Returning to work after being off for some time due to medical reasons can be daunting and you can quickly start to feel overwhelmed. I’ve been through this over the last couple of months having returned to work after a long period off in the summer and I wanted to share what I’ve learned in the process and my advice if you ever find yourself in this situation (which I hope you don’t).
My top tips for returning to work after an illness
There is a lot of help and support out there to help you phase back into your normal routine, I know I received a lot of guidance from work but there are also some key things that you can do yourself to ensure this is as smooth as can be.
Be strict with your time
This one is key. It can be so easy to fall back into a routine of going into the office early and staying late to get through your to-do list and almost ‘catching up on lost time’ but you need to be strict and avoid this as much as possible, especially at the beginning. I had an honest and open conversation with my occupational health nurse about phasing back into work and sticking to my core hours for at least the first few weeks back to make sure I wasn’t overdoing it and this was crucial. I’m still trying to stick by this rule as much as possible because it can take longer than you expect to get back to feeling 100%.
Speak to your colleagues if you’re feeling overwhelmed
I think this one is really important. Work can quite quickly become busy leaving you feeling as if you don’t have enough time to get through everything, especially if you’re trying to stick to your core hours. Speaking up when you’re feeling overwhelmed is so powerful and will help you to prioritise and focus on a few things that need to get done rather than over pilling yourself with work. Your colleagues and team members are there to help and I’ve found speaking to my manager regularly has helped.
Consider flexing your work pattern
You don’t always realise how much of a mission going through your morning routine can be until you’ve been out of it for some time. Flexing your work pattern whether that be to go into the office a little later and leave a little earlier to avoid the rush hour or working from home a couple of days can make all of the difference in the first few weeks and can remove that unnecessary stress. We are lucky enough to live in a world where a lot of us can do our jobs with a phone and a laptop so I would encourage you to make use of these. I now continue to work from home at least once a week which just helps me manage my time and energy levels.
Try to get enough sleep
This point couldn’t be more important. I think we all underestimate the importance of a good nights sleep sometimes but this is crucial to your health and wellbeing as well as your performance at work. I used to think I could run off 6 – 7 hours a night and maintain that alongside all of my other commitments but eventually it catches up with you. When you’re in a recovery period, this is even more so important so I would recommend carving out a solid 8 hours or more a night to ensure you are well-rested. And listen to your body, if you find you’re getting tired more easily then make sure you’re resting up and doing less.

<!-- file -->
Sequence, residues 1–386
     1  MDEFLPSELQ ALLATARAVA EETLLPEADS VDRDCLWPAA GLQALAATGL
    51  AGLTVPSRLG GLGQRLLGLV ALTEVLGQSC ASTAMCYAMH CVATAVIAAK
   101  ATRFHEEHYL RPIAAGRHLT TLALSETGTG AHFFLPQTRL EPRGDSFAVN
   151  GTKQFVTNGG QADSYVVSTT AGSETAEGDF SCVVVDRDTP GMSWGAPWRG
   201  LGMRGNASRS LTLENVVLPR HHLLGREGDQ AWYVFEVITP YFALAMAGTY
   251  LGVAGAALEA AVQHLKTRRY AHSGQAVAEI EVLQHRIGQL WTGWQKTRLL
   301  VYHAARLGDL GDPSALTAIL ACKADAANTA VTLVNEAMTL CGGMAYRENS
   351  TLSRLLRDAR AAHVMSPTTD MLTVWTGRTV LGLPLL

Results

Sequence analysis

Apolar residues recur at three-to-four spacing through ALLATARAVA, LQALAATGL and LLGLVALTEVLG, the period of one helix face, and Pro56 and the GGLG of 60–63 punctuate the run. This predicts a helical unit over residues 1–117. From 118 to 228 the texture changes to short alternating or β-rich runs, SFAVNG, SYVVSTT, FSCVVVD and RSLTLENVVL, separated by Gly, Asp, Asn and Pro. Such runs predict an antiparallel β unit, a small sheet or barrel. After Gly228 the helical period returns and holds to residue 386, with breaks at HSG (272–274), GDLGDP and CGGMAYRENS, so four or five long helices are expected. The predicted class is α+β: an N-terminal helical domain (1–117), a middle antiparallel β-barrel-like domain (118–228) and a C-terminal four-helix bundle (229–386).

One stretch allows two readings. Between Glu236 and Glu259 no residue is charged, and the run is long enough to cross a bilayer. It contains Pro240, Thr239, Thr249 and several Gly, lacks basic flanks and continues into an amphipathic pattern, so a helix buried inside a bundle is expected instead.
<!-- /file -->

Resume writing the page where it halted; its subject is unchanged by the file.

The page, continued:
It goes without saying but having a well-balanced nutritious diet will go a long way in helping you regain your strength to return to work. Food gives you energy and can fight off illness and disease which is important during a recovery period. I LOVE food and am a big believer that choosing the right food can change your mood, make you stronger and fuel your day. Of course, everyone’s different so find what works for you.
Exercise has always been a big part of my life and I feel lost and quickly become quite groggy if I can’t fit this into my routine so you can imagine how I was after 10 weeks of no exercise. I was feeling very lethargic and struggling to get up in the mornings for a couple of weeks and I definitely think this was because I wasn’t doing any form of exercise. In my case, I still need to take it easy and ensure that I don’t overdo it so finding the right type of exercise has been key. I’ve been incorporating walking and 1 or 2 yoga or barre classes into my weekly routine and already feel so much better and find I have more energy during the week. Even if this is just a stretch in the mornings to wake you up, I think this helps.
Phase back in elements of your normal routine slowly
If you’re anything like me then you don’t just have your day job, but lots of other commitments to fit in alongside your social life and carving out time to rest as well. To go from 0 – 100 in a matter of weeks isn’t a sensible idea so easing back into all aspects of your normal routine is important. I’ve prioritised the most important things like work and a bit of exercise and then have slowly started to introduce other commitments around this.
It’s important to point out that everyone’s different so these tips might not all work or be possible for some people but I hope this at least provides food for thought. Embedding these things into my daily routine has certainly helped me overcome this hurdle and I’m feeling much better in myself for it. The biggest thing I’ve learned is to listen to my body and mind and if I’m feeling tired or under the weather to take some proper time to relax and recuperate.
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